In our previous post, we discussed the rules involved with enforcing a monetary judgment here in the State of Florida. As we saw, enforcing a judgment involves many steps, and these steps all need to be achieved properly. Potential creditors and potential debtors may be curious about how foreign (i.e. out-of-state) judgments are treated under Florida law. When an out-of-state creditor obtains a judgment against a Florida resident, how is this foreign judgment regarded? As we will see, there are steps which a foreign creditor needs to take to make a foreign judgment enforceable (i.e. collectible) in Florida. But, we will also see that Florida residents can take steps to challenge the domestication of a foreign judgment, and therefore potentially block its enforceability.
In this post, we will look at the procedures for both creditors and debtors.
Steps to Domesticate a Foreign Judgment in Florida
The first step a foreign judgment creditor should do is record a certified copy of the judgment with the local court in which the debtor is located. This is necessary to establish jurisdiction over the debtor. Next, the judgment creditor needs to submit an affidavit with the local court, and the affidavit must contain specific information. The affidavit must include the debtor’s name, the debtor’s last known address, and the debtor’s social security number. The affidavit must also contain this same information for the creditor. After these steps are taken, the Florida court will mail a notice of the recording to the debtor. At that point, the judgment will become enforceable in the State of Florida in 30 calendar days.
After the judgment becomes enforceable, the creditor must take the same steps that a domestic creditor would need to take to compel payment of the judgment (if necessary). However, foreign creditors need to be aware that debtors can challenge the domestication of a foreign judgment by taking certain steps of their own.
Steps for Debtors to Challenge a Foreign Judgment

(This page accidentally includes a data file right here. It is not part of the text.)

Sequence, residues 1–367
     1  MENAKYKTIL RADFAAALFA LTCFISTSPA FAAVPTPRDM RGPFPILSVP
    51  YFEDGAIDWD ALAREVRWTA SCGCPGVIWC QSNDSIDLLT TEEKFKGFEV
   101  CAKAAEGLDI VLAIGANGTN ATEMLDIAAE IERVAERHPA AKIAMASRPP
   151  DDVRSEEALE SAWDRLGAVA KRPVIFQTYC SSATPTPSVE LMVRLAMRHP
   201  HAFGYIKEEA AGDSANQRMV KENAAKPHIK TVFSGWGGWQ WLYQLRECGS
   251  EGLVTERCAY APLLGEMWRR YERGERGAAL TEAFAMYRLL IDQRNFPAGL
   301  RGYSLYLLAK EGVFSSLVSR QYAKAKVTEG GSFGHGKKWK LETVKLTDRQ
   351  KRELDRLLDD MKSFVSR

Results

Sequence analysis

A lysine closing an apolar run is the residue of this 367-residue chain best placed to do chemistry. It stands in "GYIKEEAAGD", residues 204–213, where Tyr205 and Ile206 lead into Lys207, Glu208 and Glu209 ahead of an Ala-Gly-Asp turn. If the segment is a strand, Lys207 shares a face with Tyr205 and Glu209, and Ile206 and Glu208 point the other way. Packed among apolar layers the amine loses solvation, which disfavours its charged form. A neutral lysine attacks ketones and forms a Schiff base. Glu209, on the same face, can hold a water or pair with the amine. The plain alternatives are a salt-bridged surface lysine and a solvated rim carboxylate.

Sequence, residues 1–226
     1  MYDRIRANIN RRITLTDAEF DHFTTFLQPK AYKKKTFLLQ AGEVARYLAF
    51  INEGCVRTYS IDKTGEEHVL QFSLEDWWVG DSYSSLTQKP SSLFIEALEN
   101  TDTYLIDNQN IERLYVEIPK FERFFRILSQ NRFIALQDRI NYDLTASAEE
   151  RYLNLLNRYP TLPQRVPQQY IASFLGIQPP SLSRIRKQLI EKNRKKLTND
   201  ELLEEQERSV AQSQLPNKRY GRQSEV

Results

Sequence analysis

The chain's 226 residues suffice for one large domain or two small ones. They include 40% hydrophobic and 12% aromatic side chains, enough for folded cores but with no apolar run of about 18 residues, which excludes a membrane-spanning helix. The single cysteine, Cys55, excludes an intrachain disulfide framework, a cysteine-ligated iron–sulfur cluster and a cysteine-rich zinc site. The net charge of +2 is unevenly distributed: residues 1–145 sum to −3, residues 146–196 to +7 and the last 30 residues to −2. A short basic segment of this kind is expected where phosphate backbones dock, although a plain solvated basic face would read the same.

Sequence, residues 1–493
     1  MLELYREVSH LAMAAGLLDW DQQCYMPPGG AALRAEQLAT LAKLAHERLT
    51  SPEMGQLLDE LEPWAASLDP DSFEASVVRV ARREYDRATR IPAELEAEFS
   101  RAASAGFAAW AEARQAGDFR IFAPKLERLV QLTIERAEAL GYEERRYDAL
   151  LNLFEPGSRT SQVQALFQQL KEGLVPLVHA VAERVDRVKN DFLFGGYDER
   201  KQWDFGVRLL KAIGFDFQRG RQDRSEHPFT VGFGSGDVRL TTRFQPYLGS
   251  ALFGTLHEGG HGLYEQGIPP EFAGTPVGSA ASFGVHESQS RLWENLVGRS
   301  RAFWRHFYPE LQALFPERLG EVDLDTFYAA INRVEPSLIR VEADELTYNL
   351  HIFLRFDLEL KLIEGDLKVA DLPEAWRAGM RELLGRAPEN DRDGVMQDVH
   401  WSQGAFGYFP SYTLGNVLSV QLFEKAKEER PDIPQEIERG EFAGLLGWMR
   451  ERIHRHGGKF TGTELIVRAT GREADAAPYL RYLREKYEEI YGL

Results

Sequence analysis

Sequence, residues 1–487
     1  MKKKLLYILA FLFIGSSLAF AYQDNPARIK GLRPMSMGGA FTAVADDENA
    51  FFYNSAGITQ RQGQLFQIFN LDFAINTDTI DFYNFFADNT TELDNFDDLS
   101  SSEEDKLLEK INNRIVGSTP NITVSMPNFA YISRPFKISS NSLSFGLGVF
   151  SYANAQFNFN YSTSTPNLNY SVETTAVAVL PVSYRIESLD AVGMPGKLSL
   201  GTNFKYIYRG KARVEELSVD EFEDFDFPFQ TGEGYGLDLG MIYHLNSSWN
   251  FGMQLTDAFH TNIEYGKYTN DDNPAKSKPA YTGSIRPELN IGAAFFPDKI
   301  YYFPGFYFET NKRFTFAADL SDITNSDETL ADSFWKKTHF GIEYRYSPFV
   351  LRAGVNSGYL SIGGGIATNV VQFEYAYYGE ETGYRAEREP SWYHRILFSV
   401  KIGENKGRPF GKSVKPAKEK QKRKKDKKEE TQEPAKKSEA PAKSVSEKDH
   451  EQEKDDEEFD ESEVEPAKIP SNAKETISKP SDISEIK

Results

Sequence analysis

After the debtor receives the notice of recording, the debtor can file a challenge against the attempted domestication of the judgment on a number of different grounds. For one, the debtor can allege that the creditor failed to comply with all the requirements under Florida’s foreign judgment domestication statute. For instance, the debtor can allege that the affidavit was not filed properly, or didn’t contain the correct information. Alternatively, the debtor can also notify the Florida court that the foreign judgment is currently being appealed. If this happens, then the Florida court may halt the progress of the creditor’s attempt to domesticate the judgment for a certain period of time (to be defined by the court).
Finally, the debtor may also claim that the foreign court lacked jurisdiction, or the debtor may claim that he or she was not granted the opportunity to litigate the jurisdiction of the original claim. If the debtor is able to make a successful argument on either of these grounds, then the domestication attempt by the foreign creditor will be defeated.
Contact The Frazer Firm to Help Protect Your Business
If you’re an out-of-state creditor seeking to domesticate a judgment in Florida, or a Florida business facing enforcement of an out-of-state judgment, you need experienced Florida business attorneys on your side. Contact the experienced business litigation attorneys at The Frazer Firm today to learn how we can help protect your business.
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